Thursday, June 24, 2010

Family visits and fabric

There are no pictures with this post as I am writing it from Winnipeg on a borrowed computer. I am here with my DD and Miss Scarlett visiting my mom, two of my sisters and nieces and nephew.

It is nice to be here. To open the drawers and see knives that you remember from your childhood, to revert a little bit to that feeling that you are in your parent's house and not quite totally responsible. To walk on sidewalks your father and grandfather walked on. To be amazed at my mother who is handling 82 by proceeding with a schedule and a life of someone who is about 32. She is at all kids events, still tutors reading at the school, reads the paper before I am even up and then wants to discuss it.

Of course having a baby here has revived extensive discussions about the babyhoods of everyone in the extended family. Who was a good sleeper and eater. When who crawled and walked when. Nearly every story is exactly the same, how some child was totally hopeless and some mother did the wrong thing, but always that the kid turned out just fine.

I also realize that to my family the real me is the sewer. I sewed all the time I was growing up and they are used to my mammoth fabric purchases. All the other jobs and things I have done don't really matter, to them I am the sewer. In the first hour I was here my sister gave me a skirt to make a pattern copy for her from, in the first morning I was off to the big discount fabric place here that I traditionally visit every day of every visit. Lingerie elastics for next to nothing, knits, cottons for tops and most importantly some African cotton for a summer dress. I love, love African prints. I am a bright colour, geometric pattern not flower type of girl, not being a small person, and African cotton is nice to sew. I am pretty pleased with this.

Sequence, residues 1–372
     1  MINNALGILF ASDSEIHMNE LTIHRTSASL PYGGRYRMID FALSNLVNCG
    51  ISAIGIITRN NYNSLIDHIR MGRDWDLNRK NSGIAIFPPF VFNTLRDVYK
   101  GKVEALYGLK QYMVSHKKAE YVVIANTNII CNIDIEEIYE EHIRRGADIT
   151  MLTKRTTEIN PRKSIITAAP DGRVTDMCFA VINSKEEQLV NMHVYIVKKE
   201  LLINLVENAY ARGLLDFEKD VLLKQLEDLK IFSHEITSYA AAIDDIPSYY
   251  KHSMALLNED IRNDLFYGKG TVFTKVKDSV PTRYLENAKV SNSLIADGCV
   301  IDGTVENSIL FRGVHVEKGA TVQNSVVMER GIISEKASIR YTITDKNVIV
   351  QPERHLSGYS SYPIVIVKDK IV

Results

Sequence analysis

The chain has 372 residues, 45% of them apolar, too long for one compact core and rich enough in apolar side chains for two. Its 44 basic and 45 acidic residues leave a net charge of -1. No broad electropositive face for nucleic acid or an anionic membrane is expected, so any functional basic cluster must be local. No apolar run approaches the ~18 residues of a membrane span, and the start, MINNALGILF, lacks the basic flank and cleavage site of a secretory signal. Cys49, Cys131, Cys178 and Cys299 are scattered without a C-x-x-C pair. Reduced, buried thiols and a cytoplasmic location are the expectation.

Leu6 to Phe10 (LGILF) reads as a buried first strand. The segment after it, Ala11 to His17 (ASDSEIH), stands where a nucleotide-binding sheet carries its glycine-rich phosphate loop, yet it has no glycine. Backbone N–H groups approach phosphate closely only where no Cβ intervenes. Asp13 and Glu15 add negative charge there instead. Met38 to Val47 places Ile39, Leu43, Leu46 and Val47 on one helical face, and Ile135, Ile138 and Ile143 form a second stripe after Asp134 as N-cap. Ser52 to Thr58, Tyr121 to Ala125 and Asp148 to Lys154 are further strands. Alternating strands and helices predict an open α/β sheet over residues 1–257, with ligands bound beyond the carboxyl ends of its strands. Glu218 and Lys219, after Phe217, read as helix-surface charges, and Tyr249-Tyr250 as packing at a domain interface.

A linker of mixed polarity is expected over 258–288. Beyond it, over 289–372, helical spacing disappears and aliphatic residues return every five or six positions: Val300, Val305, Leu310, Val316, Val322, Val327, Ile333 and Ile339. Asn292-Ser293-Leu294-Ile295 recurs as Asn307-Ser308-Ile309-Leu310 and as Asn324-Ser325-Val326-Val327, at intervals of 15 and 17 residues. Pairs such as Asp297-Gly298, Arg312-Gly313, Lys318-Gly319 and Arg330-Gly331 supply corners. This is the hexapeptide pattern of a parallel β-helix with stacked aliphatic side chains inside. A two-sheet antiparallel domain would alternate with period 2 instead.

Oh and the baby story about me?

I didn't crawl until I was a year old and walk until I was 16 months old. But before my first birthday I was way ahead at what I liked best - sitting behind the curtains and unpicking the hems.

And I have had a seam ripper in my hand ever since.

1 comment:

RuthieK said...

What a fun story. My parents have moved several times and like new things, so I no longer have that 'going home' feeling when visiting them.